Tuesday, July 6, 2010

Volume Four, Number Nine

There have been a heck of a lot of short-run comics series since the 1930s. Some of them really stand out in the minds of comics fans-"Brother Power, The Geek", the original run of "The New Gods", "It, The Colossus" and, believe it or not, "Night Nurse" just to name a few-while others quickly faded from the minds of everyone...and for darn good reasons, too. DELL's 1960s "Dracula", "Frankenstein" and "Werewolf" immediately come to mind.

For me there is one comic series that came out in the 1970s that I loved at the time and love to this day. It is/was "Rima The Jungle Girl".

Published by DC Comics it was written by Robert Kanigher with art by the very talented Filipino Nestor Redondo and ran for seven issues from May 1974 to May 1975 (cover dates).

Now I am embarrassed to admit this today but at the time "Rima The Jungle Girl" came out I was first attracted to it as the title character had the same colour hair as Sharon Thompson, my first serious public school crush from many years earlier.

There was of course much more the comic than that and I realized it very quickly as I began reading the first issue. "Rima The Jungle Girl" was actually a comic book adaptation of the 1904 novel by W.H. Hudson called "Green Mansions: Romance of The Tropical Forest". Hudson was an Argentine-British writer and ecologist who not only wrote a whole bunch of really great books doing his career but did a lot of important ecological work in South America. CBC Radio-1 did an excellent overview of his exploits a couple of years back on its IDEAS program.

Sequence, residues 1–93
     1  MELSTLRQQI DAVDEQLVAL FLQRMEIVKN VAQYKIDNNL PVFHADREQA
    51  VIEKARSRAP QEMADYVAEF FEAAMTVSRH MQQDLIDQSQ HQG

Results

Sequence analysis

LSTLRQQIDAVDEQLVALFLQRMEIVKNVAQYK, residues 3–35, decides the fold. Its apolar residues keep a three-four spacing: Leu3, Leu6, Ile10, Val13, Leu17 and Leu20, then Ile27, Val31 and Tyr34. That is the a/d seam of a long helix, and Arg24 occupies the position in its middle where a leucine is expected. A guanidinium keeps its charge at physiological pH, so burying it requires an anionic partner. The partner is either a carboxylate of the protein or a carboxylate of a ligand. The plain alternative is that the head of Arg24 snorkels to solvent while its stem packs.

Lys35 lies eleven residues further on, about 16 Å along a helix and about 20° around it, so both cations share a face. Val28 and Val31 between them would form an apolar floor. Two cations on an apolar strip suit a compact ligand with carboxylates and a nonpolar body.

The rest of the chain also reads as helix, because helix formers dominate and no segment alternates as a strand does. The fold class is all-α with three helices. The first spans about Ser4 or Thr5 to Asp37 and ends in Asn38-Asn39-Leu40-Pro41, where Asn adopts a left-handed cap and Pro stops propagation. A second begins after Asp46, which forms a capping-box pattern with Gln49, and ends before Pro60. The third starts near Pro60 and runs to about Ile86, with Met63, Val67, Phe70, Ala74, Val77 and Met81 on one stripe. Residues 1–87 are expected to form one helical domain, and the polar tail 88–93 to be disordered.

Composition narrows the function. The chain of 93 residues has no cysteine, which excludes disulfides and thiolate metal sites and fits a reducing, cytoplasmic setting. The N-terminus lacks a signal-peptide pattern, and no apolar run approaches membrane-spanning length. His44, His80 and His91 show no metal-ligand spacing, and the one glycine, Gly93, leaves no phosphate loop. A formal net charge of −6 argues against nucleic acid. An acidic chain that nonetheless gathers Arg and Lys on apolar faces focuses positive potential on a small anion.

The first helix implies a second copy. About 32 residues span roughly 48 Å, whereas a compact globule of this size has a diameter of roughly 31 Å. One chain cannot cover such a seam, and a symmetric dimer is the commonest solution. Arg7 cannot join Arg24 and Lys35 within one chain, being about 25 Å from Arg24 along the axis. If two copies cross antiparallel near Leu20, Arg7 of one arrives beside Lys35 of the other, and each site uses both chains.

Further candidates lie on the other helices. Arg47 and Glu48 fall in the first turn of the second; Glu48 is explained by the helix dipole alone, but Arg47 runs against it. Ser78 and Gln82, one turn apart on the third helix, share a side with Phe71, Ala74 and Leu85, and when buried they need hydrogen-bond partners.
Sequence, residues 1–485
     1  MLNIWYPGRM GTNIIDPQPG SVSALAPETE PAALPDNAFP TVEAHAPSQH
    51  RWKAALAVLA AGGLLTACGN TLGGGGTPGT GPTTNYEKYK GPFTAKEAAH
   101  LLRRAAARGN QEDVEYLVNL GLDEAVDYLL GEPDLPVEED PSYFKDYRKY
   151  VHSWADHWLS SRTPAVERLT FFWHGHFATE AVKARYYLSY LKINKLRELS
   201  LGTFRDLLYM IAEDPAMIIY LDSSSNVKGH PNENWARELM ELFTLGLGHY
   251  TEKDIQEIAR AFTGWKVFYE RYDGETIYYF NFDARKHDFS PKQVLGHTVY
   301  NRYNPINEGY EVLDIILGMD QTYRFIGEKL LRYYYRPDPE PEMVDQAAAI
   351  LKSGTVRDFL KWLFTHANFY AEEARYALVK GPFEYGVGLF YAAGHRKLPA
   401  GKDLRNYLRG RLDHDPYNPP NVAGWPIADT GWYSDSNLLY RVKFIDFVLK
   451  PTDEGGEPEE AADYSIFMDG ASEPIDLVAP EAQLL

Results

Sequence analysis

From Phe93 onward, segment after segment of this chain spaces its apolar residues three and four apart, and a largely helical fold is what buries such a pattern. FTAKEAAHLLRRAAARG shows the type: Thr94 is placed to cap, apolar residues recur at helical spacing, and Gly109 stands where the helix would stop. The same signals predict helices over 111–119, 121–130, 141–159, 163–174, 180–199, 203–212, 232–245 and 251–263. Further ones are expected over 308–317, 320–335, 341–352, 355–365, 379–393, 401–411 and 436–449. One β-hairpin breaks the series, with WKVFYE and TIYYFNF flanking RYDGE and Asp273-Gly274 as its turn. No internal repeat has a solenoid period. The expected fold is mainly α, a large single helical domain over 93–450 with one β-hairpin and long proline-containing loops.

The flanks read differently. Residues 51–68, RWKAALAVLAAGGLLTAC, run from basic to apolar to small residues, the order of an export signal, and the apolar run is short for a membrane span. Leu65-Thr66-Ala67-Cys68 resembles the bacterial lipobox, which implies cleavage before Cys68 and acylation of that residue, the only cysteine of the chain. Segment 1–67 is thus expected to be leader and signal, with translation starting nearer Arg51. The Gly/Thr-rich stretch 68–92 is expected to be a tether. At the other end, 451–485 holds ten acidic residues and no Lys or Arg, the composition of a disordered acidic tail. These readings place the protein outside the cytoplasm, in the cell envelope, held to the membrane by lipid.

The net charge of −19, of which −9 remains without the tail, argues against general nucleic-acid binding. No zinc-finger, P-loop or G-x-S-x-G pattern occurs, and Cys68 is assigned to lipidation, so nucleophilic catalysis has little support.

Hudson based Rima on a South American legend about a lost tribe of white people who lived in the mountains. The novel itself is an accurate portrayal for the most part of South America and it also has some excellent ecological messages in a time when such things were not in vogue.

The DC comic was not the first adaptation of Hudson's novel. CLASSICS ILLUSTRATED did one in 1951-which was reprinted numerous times before the company went out of business-and Rima herself has appeared in AMERICA'S BEST COMICS' "League of Extraordinary Gentlemen" Vol. 2 No. 3.

Rima has also appeared in three episodes of THE ALL NEW ADVENTURES OF THE SUPER FRIENDS (the 1977-1978 season) plus in 1959 MGM made a movie very loosely based on Hudson's novel called THE GREEN MANSIONS (starring Audrey Hepburn as Rima).

"Rima The Jungle Girl" still stands out in my mind to this very day as one of the better short-lived comics titles. I'd recommend if you see it in the comics bargain bin to pick up all seven issues. But read the book first. You won't regret it.

Take care and be safe.

1 comment:

comicgrl24 said...

I remember this series fondly and collected all the issues way back in the day. Probably still have them all -- somewhere.